\def\Gin@extensions{.pdf,\orig@Gin@extensions} %prepend .pdf before .png
\makeatother
\fi
\begin{document}

\includegraphics{pullback}

\end{document}

For actually converting between formats, there are of course many ways to do that. TeXLive comes with a program epstopdf which converts an .eps file to a .pdf and there is even a LaTeX package epstopdf which will attempt to do the conversion for you (assuming that PDFTeX is allowed to do shell escapes) if it detects an .eps image!

For commandline conversion (ie on a U*nx system, including MacOSX), ghostscript can easily convert back and forth and comes with two scripts pdf2ps and ps2pdf that will do the conversion and the netpbm tools can convert between PDF, PS and lots of other graphics formats (of course there are many other such tools).

Thus by ensuring that you have each type of the image in the directory, you can be ensure that latex will pick up the right one for the right output.

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That doesn't really answer the question: this feature of graphicx only helps if you already have the picture in a format that your TeX engine will understand; if you're running pdfTeX and you only have an EPS file, it won't magically convert it to something pdfTeX can use. –  Arthur Reutenauer Aug 5 '10 at 12:08
1  
@Arthur Reutenauer: nonetheless, I think that it is a useful feature of graphicx for people to know about and that someone interested in this question might well find it useful. However, I have added a little on converting back and forth and, in particular, found a package that will do the conversion that you want! –  Loop Space Aug 5 '10 at 12:37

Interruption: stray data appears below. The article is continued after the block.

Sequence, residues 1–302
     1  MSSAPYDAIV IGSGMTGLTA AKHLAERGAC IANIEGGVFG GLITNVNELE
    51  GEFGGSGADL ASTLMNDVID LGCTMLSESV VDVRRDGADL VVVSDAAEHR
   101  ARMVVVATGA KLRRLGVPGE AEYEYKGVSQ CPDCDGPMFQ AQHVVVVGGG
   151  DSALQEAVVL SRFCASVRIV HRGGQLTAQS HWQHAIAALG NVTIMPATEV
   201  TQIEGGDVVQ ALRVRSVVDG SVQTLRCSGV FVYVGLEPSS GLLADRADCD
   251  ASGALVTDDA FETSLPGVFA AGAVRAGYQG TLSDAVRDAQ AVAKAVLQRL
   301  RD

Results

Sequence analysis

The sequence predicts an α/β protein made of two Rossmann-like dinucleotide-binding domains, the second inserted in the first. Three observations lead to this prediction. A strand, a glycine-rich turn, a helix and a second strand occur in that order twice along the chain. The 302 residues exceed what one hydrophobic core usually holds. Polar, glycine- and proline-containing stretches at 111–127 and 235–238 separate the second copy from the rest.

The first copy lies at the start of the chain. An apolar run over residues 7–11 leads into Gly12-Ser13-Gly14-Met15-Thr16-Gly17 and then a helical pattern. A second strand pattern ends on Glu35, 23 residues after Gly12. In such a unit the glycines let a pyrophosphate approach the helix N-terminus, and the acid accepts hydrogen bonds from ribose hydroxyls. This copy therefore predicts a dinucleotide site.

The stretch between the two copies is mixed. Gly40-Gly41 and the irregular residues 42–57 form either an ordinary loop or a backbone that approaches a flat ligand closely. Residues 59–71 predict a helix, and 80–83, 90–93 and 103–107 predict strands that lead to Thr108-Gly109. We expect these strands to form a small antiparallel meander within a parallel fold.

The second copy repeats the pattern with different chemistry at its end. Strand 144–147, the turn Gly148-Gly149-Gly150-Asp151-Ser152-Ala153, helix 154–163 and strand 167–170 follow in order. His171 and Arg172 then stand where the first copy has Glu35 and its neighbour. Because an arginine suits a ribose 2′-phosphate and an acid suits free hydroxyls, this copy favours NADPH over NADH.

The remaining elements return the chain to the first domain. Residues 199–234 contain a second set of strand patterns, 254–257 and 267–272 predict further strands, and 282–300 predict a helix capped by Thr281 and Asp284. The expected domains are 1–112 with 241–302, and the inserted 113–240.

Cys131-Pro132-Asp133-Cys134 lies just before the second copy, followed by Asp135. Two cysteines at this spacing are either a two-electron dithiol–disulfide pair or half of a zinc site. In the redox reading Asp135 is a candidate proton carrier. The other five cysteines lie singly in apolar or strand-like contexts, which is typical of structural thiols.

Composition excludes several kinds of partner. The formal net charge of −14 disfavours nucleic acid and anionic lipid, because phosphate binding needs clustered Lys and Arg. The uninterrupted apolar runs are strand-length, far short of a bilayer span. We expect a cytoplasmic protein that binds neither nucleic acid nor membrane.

Sure, it's useful. But it's definitely not a “way to avoid having to know which [format] to use”, that's just wrong. On the contrary, you need to know which format to use in which case, and you need to do the conversion beforehand (except in the notable case of epstopdf, as mentioned by Joseph). –  Arthur Reutenauer Aug 5 '10 at 13:14
2  
@Arthur Reutenauer: I interpret it a little differently, I think. The question "I always use pdflatex so which do I use?" has a simple - and boring - answer. The question "I find myself using both pdflatex and latex and get confused as to what to use. Can anyone help me?" is a little more complicated. What I do, is ensure that I have both formats available so that whichever I use, it Just Works^{TM}. That is what I was trying to explain, and that is what I think is useful to know. –  Loop Space Aug 5 '10 at 13:31
1